The Palestinian Arabs who were at present living as refugees in the Arab countries and who had deposits of Palestine pounds (convertible into sterling pounds by the terms of the Palestine Currency Board Statute) in banks — chiefly British banks — which were, as a result of the war, situated in Israel territory, were not recognized as citizens of Israel by the Government of that country. The Government of Israel, on the one hand, refused to permit them to return to Israel, where they would be able to make use of their assets, and, on the other hand, prevented them from obtaining their money, which was indispensable to enable them to resettle In the Arab countries. A law which had been promulgated by a State which did not recognize the Arab refugees as its citizens and which had been passed after they had left the territory of that State was being applied to the refugees; at the same time the latter were aware that that State was profiting by the right to exchange Palestine pounds for sterling pounds. If it were left to Israel to restitute the blocked assets, which did not belong to her, it would not be possible to ascertain the date of repayment, and the resulting uncertainty would delay the resettlement of the refugees. Furthermore, it was feared that Israel did not propose to repay the money in sterling, but in Israel pounds, which it would be difficult for the refugees or for the reintegration agencies to make use of.

It appeared to be desirable for the United Kingdom to take into account, at the time of releasing sterling to Israel, the very special case of the Palestine Arab refugees whose accounts had been blocked, on the one hand by Israel, and on the other by the United Kingdom.

Part of the Palestine sterling assets blocked by the United Kingdom in February 1948 had been allocated to Jordan, and part to Israel.

It was beyond question that a portion (between 4 and 5 million sterling pounds) of the share allotted to Israel covered the funds deposited in British banks by Palestine Arabs before their departure.

Those sterling deposits should be protected and Israel ought not to be able to make use of them, as she was able to make use of sterling assets belonging to her own nationals. The British Government might perhaps be persuaded to release for the refugees a sum in sterling equal to the total amount of their accounts, or at least to continue to keep a corresponding amount frozen until the refugee problem was solved. In any case, it was necessary to ensure that the refugee assets were not released to Israel.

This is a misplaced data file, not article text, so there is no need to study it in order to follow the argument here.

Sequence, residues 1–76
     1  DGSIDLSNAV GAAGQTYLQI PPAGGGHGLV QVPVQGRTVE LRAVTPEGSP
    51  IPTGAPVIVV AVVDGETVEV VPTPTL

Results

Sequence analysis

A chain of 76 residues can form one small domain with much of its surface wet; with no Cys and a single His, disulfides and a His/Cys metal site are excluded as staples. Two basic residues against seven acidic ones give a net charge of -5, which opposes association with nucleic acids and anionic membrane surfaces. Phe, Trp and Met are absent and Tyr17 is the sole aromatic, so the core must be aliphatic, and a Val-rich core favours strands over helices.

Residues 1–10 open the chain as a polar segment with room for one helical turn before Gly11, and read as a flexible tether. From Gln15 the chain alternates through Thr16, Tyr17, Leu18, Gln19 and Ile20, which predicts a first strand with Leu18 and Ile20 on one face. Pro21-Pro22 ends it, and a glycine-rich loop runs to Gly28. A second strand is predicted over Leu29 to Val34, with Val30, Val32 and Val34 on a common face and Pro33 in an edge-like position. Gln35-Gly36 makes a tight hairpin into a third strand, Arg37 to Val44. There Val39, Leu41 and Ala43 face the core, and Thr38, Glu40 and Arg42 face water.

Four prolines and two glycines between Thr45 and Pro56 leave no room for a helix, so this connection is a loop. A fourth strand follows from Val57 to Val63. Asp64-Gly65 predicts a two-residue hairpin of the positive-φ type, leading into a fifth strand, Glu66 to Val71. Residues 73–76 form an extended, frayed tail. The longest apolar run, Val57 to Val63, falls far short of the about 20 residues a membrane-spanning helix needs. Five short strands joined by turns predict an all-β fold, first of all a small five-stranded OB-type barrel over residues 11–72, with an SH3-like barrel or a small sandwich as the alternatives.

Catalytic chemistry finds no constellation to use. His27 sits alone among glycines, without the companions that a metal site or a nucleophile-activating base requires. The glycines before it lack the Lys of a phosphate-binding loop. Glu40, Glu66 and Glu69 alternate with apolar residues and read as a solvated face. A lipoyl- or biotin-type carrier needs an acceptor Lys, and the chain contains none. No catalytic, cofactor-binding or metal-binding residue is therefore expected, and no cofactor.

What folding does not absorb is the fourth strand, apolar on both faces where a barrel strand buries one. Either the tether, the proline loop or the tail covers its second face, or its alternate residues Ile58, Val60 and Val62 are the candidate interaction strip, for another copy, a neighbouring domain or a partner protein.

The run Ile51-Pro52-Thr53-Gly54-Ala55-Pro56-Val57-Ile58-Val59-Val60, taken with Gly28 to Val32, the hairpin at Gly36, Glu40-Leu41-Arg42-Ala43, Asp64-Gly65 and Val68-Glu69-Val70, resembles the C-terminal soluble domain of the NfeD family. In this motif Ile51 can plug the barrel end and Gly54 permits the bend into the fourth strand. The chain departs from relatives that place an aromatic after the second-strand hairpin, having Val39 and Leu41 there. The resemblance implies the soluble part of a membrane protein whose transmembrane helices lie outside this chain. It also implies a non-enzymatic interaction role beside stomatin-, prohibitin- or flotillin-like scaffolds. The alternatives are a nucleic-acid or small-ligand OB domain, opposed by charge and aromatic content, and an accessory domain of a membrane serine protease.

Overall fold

Mr. Servoise, having thus explained the views of the Arab League on the question of blocked accounts, remarked that it had not yet been possible to ascertain whether the recent releases of sterling to Israel had exhausted that country’s reserves, or whether any reserves still remained for the holders of accounts blocked in Israel banks.

Certain questions would arise in that connection which could only be answered by the British Treasury.

The CHAIRMAN thanked the economic adviser for his explanation and asked the members of the Commission whether they considered it advisable to make an immediate approach to the British Government, or whether they preferred to await the receipt of the memorandum which the Arab League intended to communicate to that Government.

Mr. PALMER (United States) observed that the unfreezing of assets belonging to Palestine Arabs and deposited with banks in Israel territory should not give rise to insuperable difficulties, since it was in fact a case of Palestine assets whose ownership could not be contested. He thought that efforts should be made to settle the question of blocked accounts simultaneously with that of compensation. He had, furthermore, the opportunity of pointing out to Mr. Furlong that a speedy settlement of the question of blocked accounts would make a good impression on the refugees would thus contribute to the creation of an atmosphere favourable to the settlement of other questions, especially that of compensation.

The PRINCIPAL SECRETARY remarked that it was essential to make it clear to the British Government that the Commission, which intended to continue its efforts to settle the question of blocked accounts, was anxious to have detailed information regarding the conditions in which the release of sterling to Israel would take place, in order to be in a position to judge whether the operations were likely to hinder its efforts.

Mr. PALMER (United States), after having considered the question, wondered whether it might not be preferable, before approaching the British Government officially, to address to Mr. Furlong a note concerning all the aspects of the question and to inform him that the Commission had no knowledge of the contents of the Arab League memorandum. The economic adviser might prepare the note for Mr. Palmer to give to Mr. Furlong, together with a letter of introduction.